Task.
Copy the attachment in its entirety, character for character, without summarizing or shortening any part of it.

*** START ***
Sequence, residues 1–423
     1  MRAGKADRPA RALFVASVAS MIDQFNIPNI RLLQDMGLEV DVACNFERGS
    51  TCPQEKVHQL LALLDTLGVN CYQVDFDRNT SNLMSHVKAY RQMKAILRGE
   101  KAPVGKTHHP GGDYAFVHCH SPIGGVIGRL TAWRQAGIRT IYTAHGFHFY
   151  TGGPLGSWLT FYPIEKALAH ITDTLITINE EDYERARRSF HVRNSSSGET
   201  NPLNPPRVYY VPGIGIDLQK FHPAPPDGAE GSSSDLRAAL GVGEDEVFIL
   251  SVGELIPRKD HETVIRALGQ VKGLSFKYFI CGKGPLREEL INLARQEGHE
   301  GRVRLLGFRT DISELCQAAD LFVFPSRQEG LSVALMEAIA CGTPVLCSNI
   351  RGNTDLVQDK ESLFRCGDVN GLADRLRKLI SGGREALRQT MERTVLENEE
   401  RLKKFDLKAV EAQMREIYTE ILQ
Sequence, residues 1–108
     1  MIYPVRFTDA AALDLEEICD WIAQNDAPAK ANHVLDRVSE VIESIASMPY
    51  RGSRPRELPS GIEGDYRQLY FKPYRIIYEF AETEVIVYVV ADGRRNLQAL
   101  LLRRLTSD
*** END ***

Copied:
Sequence, residues 1–423
     1  MRAGKADRPA RALFVASVAS MIDQFNIPNI RLLQDMGLEV DVACNFERGS
    51  TCPQEKVHQL LALLDTLGVN CYQVDFDRNT SNLMSHVKAY RQMKAILRGE
   101  KAPVGKTHHP GGDYAFVHCH SPIGGVIGRL TAWRQAGIRT IYTAHGFHFY
   151  TGGPLGSWLT FYPIEKALAH ITDTLITINE EDYERARRSF HVRNSSSGET
   201  NPLNPPRVYY VPGIGIDLQK FHPAPPDGAE GSSSDLRAAL GVGEDEVFIL
   251  SVGELIPRKD HETVIRALGQ VKGLSFKYFI CGKGPLREEL INLARQEGHE
   301  GRVRLLGFRT DISELCQAAD LFVFPSRQEG LSVALMEAIA CGTPVLCSNI
   351  RGNTDLVQDK ESLFRCGDVN GLADRLRKLI SGGREALRQT MERTVLENEE
   401  RLKKFDLKAV EAQMREIYTE ILQ
Sequence, residues 1–108
     1  MIYPVRFTDA AALDLEEICD WIAQNDAPAK ANHVLDRVSE VIESIASMPY
    51  RGSRPRELPS GIEGDYRQLY FKPYRIIYEF AETEVIVYVV ADGRRNLQAL
   101  LLRRLTSD